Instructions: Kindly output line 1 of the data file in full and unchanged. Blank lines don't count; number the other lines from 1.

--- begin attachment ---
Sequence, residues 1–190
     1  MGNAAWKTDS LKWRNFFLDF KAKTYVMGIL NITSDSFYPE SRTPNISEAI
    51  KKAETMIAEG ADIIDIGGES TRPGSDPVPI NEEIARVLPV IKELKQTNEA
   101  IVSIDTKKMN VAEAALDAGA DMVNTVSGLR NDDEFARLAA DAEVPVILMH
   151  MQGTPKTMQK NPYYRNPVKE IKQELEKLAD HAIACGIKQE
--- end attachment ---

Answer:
Sequence, residues 1–190